Awesome: Let's Make a Deal

  • Anybody who won the Super Deal in either era.
  • The last episode of the 1971-77 syndicated run, and by extension the "classic" 1963-77 era. Besides there not being a Zonk in sight (specifically, at no point was there a Zonk even present during the whole show), it ended with a Big Deal win.
    • On a more fun note, the show started with Monty's daughter and son-in-law, Joanna and Paul Gleason.
  • In the original version, it wasn't unheard of for enough traders to decline going for the Big Deal that Monty would eventually start asking Zonked contestants to compete for it (remember, the original rules allowed for two separate traders to play). Any contestant who went from being Zonked to winning the Big Deal would definitely qualify.

  • In the Wayne Brady revival version, during Monty Hall Week in 2010 (where Hall returned to do one deal a day for a week), Monty's deal on March 24 was the updated version of "Monty's Cash Register", the "Cash Board". In the game, a couple is given a board with 15 cards — 13 are dollar amounts, two are Zonks. The object for the couple is to keep turning cards until they collect $1000 of the available $1800, at which point they also win a car — as long as they don't hit the Zonk first. On this playing, the couple turned over the Zonk with their first card. Monty, pretending to call an audible (but using the consolation rule from the old Cash Register game), told the couple that they could turn another card. If it was cash, he'd double it. If it was the other Zonk, they got the car. Of course, since this is on the Awesome page, you know what happened next.
  • On October 24th, 2012, a contestant plays a game called "The Great Escape" to win a car. The object of the game is to use as many keys as possible in a time limit in order to open a glass box that contains the car keys. There's 15 keys in total and at most, you can only get up to 30 seconds to play (from 15, you are given $1500 to start, and can give back $100 for an additional second). The contestant picks her first key to start off with and as soon as the game started, she unlocks the box. In the history of the show, no one had ever picked the correct key on the first guess.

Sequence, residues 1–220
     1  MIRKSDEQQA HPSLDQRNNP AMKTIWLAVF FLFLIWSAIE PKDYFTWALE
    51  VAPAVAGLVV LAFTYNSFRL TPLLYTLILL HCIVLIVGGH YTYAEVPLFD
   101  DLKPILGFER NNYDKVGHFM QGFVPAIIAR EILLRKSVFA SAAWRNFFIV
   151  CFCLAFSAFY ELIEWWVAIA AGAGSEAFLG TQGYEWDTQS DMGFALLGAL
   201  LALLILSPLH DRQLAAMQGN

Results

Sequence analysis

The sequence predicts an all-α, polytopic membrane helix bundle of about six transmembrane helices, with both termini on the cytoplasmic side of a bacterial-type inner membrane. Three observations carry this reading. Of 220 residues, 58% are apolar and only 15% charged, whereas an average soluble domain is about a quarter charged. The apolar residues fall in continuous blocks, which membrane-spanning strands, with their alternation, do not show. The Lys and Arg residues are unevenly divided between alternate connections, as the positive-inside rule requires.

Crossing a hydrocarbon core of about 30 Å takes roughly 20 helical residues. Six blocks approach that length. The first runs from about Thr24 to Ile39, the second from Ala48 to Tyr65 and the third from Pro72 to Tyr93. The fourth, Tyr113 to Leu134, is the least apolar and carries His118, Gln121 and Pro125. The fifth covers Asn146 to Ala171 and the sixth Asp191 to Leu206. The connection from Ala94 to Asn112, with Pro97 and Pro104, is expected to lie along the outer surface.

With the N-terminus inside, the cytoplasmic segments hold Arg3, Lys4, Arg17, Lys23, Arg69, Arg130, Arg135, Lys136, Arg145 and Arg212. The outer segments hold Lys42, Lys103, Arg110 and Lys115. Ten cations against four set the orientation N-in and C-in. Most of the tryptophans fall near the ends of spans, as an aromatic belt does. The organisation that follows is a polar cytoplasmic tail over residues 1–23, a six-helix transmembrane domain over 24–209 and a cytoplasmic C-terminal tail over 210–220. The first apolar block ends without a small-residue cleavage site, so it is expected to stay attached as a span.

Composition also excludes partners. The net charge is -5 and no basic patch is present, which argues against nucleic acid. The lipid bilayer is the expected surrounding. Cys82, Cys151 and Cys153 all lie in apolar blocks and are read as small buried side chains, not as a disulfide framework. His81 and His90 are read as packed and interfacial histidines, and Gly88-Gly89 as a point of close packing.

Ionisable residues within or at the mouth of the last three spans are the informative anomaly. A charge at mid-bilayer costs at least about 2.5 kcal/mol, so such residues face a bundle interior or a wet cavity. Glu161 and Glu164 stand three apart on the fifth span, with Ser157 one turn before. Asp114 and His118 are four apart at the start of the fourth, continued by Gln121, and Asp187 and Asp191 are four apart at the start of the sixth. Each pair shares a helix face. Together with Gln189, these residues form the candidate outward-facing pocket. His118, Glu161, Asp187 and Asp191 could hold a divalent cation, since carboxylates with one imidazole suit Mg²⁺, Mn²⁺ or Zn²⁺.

• It happened again less than a month later, on the November 20th show, when an entire family was called up to play.
    • It happened a third time on the Jan. 30th, 2013 "Twitter" episode, when the game for the contestant to play was chosen beforehand by voters online.
  • The occasions where a contestant gives up a car for the Big Deal and wins it. So far it's happened five times on the Brady version - once for $23,002, the other four times for another car.
  • For the week of May 6-10. 2013, Publisher's Clearing House offered $20,000 per day in one of the show's deals. Every single day, someone won the 20K, including the show's first ever win in "Smash For Cash" on Monday's show.
  • On June 7, 2013, a contestant playing Car Pong not only gets the ball in the CAR cup on his first throw, he gets a second ball in the cup! Sadly, the player was only eligible for one car.
  • During the week of June 17, 2013, a contestant has a chance to win a car (of course, she doesn't know it yet). She passes up a chance to look behind the curtain to keep an envelope Wayne has given her. The car is revealed. She passes up a chance to take the prize in the small box, choosing again to keep the envelope. Turns out, it was a second chance at the car. He then offers her the Big Box. This time, she gives up the envelope, which contains a zonk. What's in the Big Box? Yep.
  • This is Wayne's first steady TV job since taping for the first American run of Whose Line Is It Anyway? ended in 2003.